A writer known as one of the fathers of postliberal theology passed away in early January. Widely influential theologian George Lindbeck died on 8 January 2018, aged 94.
Among other causes, Lindbeck was committed to church unity and ecumenical dialogue, particularly between Lutherans and Roman Catholics. He was a “delegate observer” to the Second Vatican Council in the 1960s. He also worked on the Joint Commission between the Vatican and Lutheran World Federation from 1968 to 1987.
Lindbeck was longtime close friends with fellow theologians Stanley Hauerwas and David Burrell, appearing with them at public forums on topics such as the Reformation. Speaking about his long career at one such event in January 2007, Lindbeck said, “One of the great advantages of getting to live for a long time is that one learns to distrust completely any predictions of the future.”
Lindbeck’s son Kris announced his father’s passing on his Twitter page.
“My father passed away yesterday afternoon, slipping so quietly from sleep to death that I, preparing for the semester on my laptop, did not realise it,” he wrote. “[T]he hospice nurse needed to check with her stethoscope. As good as death can be.”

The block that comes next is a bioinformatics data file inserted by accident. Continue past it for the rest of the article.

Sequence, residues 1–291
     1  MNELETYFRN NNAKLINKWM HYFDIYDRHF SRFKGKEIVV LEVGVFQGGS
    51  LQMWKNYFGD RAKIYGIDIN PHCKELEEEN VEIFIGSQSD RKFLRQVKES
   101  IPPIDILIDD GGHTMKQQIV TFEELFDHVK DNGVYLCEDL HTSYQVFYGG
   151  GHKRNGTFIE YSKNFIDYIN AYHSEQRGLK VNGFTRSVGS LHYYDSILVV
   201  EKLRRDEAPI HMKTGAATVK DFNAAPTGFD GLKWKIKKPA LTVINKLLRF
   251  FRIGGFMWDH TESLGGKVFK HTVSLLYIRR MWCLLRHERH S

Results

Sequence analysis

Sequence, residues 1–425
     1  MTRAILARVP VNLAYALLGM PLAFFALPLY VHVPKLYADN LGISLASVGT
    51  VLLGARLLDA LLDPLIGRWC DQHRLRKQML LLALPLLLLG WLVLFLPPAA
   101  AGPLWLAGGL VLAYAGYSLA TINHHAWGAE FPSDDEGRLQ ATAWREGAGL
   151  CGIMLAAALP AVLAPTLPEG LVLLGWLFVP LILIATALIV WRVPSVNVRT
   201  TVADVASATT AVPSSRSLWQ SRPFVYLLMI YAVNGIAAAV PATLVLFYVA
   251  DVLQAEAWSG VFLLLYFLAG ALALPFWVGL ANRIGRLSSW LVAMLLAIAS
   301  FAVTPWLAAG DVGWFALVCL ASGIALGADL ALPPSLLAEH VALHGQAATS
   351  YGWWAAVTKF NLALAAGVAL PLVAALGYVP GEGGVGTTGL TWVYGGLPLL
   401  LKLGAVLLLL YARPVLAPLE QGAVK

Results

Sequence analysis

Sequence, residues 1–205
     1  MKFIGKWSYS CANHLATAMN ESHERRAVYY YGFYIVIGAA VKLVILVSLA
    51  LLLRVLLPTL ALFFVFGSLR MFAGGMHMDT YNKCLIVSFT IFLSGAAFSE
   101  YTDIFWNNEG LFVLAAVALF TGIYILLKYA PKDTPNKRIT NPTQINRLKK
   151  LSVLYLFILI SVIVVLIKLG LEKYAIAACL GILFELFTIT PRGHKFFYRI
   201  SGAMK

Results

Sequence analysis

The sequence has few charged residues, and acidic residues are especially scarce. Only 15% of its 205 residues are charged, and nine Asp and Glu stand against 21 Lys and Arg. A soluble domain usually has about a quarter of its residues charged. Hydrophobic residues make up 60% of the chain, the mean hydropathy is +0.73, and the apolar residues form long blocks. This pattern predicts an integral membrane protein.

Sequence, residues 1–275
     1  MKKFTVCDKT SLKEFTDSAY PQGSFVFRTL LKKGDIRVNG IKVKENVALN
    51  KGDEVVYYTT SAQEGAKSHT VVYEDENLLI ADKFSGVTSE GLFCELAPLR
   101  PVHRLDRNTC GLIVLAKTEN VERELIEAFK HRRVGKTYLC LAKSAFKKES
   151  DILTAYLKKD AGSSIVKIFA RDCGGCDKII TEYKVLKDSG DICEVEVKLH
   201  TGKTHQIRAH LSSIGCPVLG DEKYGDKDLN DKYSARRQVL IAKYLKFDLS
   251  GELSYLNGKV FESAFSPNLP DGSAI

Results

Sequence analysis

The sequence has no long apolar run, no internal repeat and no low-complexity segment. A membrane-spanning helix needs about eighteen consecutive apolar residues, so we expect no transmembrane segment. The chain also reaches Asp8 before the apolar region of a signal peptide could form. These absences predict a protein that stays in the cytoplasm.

“I wish for every person who reads this that their loved ones, and they when it is time, will fall into death peacefully in old age, with good nursing care and loved ones by them. This is the best exit we can hope for, and denied to so many by circumstance, or worse, by human sin.”
The author of several books on theology, Lindbeck is perhaps best known for his 1984 work The Nature of Doctrine: Religion and Theology in a Postliberal Age. Lindbeck earned a PhD from Yale University in 1955. He was appointed to the Yale faculty in 1952, before his studies were completed, and remained there until his 1993 retirement.
Jonathan Foye is Insights’ Editor